A book about the last eight years of our government could be called “While America Slept.” We have done little to invest in the development, commercialization, or production of the clean-energy technologies that a carbon-constrained world will want. Meanwhile, many of our foreign competitors—Germany, Japan, China, Spain, and other nations—have invested heavily in them. The United States went from making nearly half of the world’s solar photovoltaic cells to making 10 percent of them, while China is now the leader.

Venture capitalist John Doerr and General Electric CEO Jeff Immelt warn, “There is still time for us to lead this global race, although that window is closing. We need low-carbon policies to exploit America’s strengths—innovation and entrepreneurs.”

CAP President and CEO John Podesta testified about competitiveness measures in the Clean Energy Jobs Act before the Senate Environment and Public Works Committee on October 29. He noted that the Clean Energy Jobs Act puts a price on carbon pollution, which would

“…level the playing field between the prices of dirty and cleaner energy sources … [and] combined with companion measures before the Senate, would create a clean-energy investment program that would cut greenhouse gas pollution, spur clean-energy technology innovation, create new jobs, and increase American energy independence.”

Nobel Prize-winning economist Paul Krugman wrote that reducing global warming pollution would boost competitiveness and provide an economic stimulus.

“A commitment to greenhouse gas reduction would, in the short to medium run, have the same economic effects as a major technological innovation: It would give businesses a reason to invest in new equipment and facilities even in the face of excess capacity.”

4. The EPA finds the Clean Energy Jobs Act is affordable

Because the Clean Energy Jobs Act is very similar to ACES, EPA’s analysis determined that “the impacts of S. 1733 would be similar to those estimated for H.R. 2454.” Most importantly, EPA found that “the average loss of consumption per household will be relatively, on the order of hundreds of dollars per year.” In fact, EPA estimates the average annual household cost of H.R. 2454 to range from $84 to $110 in 2020.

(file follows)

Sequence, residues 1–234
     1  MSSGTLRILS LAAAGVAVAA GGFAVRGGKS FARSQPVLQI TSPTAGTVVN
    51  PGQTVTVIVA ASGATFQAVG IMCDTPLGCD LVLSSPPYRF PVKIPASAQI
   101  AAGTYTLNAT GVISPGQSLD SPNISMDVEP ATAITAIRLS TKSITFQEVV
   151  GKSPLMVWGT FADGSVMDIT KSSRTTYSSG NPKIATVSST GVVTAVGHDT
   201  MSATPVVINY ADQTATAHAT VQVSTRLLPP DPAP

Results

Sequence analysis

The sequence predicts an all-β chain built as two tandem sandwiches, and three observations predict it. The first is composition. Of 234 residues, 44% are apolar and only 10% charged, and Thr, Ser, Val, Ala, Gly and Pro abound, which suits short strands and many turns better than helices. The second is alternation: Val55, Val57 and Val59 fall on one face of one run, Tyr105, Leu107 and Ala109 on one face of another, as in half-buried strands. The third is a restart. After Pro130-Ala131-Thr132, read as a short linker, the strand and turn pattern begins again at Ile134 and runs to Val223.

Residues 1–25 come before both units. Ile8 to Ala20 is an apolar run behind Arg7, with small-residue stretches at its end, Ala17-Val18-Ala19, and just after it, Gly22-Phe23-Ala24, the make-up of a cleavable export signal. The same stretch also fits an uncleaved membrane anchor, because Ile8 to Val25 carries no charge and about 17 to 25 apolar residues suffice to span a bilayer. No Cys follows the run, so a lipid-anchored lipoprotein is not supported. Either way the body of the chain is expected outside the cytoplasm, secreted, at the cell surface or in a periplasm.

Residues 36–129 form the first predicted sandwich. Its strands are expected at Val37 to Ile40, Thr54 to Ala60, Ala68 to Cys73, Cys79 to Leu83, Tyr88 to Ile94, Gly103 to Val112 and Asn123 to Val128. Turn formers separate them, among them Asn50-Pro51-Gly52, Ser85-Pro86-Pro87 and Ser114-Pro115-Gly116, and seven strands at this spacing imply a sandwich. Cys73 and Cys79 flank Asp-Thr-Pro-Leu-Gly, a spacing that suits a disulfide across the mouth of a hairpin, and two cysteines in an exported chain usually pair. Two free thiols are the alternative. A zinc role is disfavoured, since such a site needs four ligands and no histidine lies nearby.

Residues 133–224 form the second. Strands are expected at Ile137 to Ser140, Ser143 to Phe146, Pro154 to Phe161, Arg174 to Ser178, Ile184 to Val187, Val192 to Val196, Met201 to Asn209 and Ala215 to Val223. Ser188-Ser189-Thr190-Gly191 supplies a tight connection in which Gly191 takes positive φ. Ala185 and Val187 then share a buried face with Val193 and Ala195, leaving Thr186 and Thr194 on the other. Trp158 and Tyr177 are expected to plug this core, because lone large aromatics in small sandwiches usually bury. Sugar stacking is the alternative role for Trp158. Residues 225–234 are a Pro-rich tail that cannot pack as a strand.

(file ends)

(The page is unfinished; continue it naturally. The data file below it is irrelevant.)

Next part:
EPA concluded that differences in the bills produce “relatively small differences in estimated costs and may even cancel each other out.”

5. The Clean Energy Jobs Act will save oil

The National Wildlife Federation, using data from the Energy Information Administration, estimates that ACES would reduce oil use by the equivalent of 590,000 barrels of oil per day in 2020, rising to 948,000 fewer barrels per day in 2028. From 2012 to 2030, the United States would use 4 billion fewer barrels of oil, and save $658 billion dollars. This is a savings of $5,600 per household.

The American Council for an Energy Efficiency Economy estimates similar oil savings due to ACES. It predicts that Americans would consume 640,000 fewer barrels per day in 2020, and 1.4 million barrels per day less in 2030. In addition to reducing global warming pollution, lower oil use would enhance our national security by reducing our dependence on foreign oil. It would also shrink the dollars sent to other countries to buy their oil—often from unfriendly regimes. These funds could be used more productively at home. In 2008, the United States spent an estimated $1 billion per day buying foreign oil.

6. The Clean Energy Jobs Act will produce income for farmers

Both the Clean Energy Jobs Act and ACES provide an opportunity for farmers to increase their income by sequestering carbon pollution in their land via farming practices. EPA’s analysis found that ACES would create up to nearly $19 billion annually in net benefit to farmers from offsets. This is an average of $9,500 per farm. The Senate version would allow 50 percent more domestic offsets, which creates an even bigger opportunity for farmers.

The offsets program enables polluters to pay farmers or others to capture or store carbon pollution instead of reducing their own emissions. Since such offsets can be cheaper, they can reduce pollution at a lower cost. The offsets must be measurable, additional, and verifiable. Farmers can create offsets by employing farming practices that store carbon in the Earth, such as no till plowing, erosion prevention, soil conservation, reduced tillage, planting perennial trees and shrubs, utilizing rotational grazing and methane capture with livestock, applying less fertilizer, and restoring watersheds.

According to Ohio State University’s Carbon Management and Sequestration Center, agricultural lands have the potential to store the equivalent of one-third of the carbon pollution produced in the United States. The Consortium for Agricultural Soils Mitigation of Greenhouse Gases notes that “increasing soil carbon through soil carbon sequestration improves agricultural soil quality, fertility, and productivity…while reducing atmospheric greenhouse gas concentrations.”

The U.S. Department of Agriculture evaluated ACES’s impact on farm income. In the short run, it would have less than one cent per dollar impact on net farm income. USDA notes that “Other studies…find that H.R. 2454 leads to higher agricultural incomes, even without offsets.”

The Agricultural Carbon Market Working Group also predicts a more profitable future for agriculture under a policy that reduces global warming pollution. “Analysis indicates the increase in farming income from offsets, biofuels, and commodity prices resulting from a cap-and-trade system more than offsets any potential increase in the price of fuel, fertilizer, or other inputs for the agricultural sector,” the organization has reported.

Daniel J. Weiss is a Senior Fellow and the Director of Climate Strategy at American Progress.

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Daniel J. Weiss

Senior Fellow